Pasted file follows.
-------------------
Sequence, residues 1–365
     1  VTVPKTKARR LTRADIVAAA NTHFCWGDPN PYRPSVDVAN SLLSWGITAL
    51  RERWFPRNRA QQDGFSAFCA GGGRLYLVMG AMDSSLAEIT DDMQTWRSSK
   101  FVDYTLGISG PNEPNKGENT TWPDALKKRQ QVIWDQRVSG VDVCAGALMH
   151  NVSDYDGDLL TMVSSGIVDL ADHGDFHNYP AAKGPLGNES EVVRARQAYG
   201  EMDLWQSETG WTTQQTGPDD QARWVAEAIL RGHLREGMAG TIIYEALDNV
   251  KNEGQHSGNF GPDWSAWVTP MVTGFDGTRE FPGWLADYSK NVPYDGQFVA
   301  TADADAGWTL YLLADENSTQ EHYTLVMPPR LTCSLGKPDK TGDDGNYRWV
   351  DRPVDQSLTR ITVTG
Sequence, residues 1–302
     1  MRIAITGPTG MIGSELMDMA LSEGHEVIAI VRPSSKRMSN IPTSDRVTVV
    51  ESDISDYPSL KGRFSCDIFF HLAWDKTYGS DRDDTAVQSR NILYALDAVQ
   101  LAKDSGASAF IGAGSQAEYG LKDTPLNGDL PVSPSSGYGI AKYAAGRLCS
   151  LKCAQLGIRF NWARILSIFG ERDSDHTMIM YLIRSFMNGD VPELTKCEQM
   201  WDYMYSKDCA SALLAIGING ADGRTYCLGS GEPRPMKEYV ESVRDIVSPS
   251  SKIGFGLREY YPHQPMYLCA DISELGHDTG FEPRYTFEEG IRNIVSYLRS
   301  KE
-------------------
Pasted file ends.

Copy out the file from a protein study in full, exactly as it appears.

Sequence, residues 1–365
     1  VTVPKTKARR LTRADIVAAA NTHFCWGDPN PYRPSVDVAN SLLSWGITAL
    51  RERWFPRNRA QQDGFSAFCA GGGRLYLVMG AMDSSLAEIT DDMQTWRSSK
   101  FVDYTLGISG PNEPNKGENT TWPDALKKRQ QVIWDQRVSG VDVCAGALMH
   151  NVSDYDGDLL TMVSSGIVDL ADHGDFHNYP AAKGPLGNES EVVRARQAYG
   201  EMDLWQSETG WTTQQTGPDD QARWVAEAIL RGHLREGMAG TIIYEALDNV
   251  KNEGQHSGNF GPDWSAWVTP MVTGFDGTRE FPGWLADYSK NVPYDGQFVA
   301  TADADAGWTL YLLADENSTQ EHYTLVMPPR LTCSLGKPDK TGDDGNYRWV
   351  DRPVDQSLTR ITVTG
Sequence, residues 1–302
     1  MRIAITGPTG MIGSELMDMA LSEGHEVIAI VRPSSKRMSN IPTSDRVTVV
    51  ESDISDYPSL KGRFSCDIFF HLAWDKTYGS DRDDTAVQSR NILYALDAVQ
   101  LAKDSGASAF IGAGSQAEYG LKDTPLNGDL PVSPSSGYGI AKYAAGRLCS
   151  LKCAQLGIRF NWARILSIFG ERDSDHTMIM YLIRSFMNGD VPELTKCEQM
   201  WDYMYSKDCA SALLAIGING ADGRTYCLGS GEPRPMKEYV ESVRDIVSPS
   251  SKIGFGLREY YPHQPMYLCA DISELGHDTG FEPRYTFEEG IRNIVSYLRS
   301  KE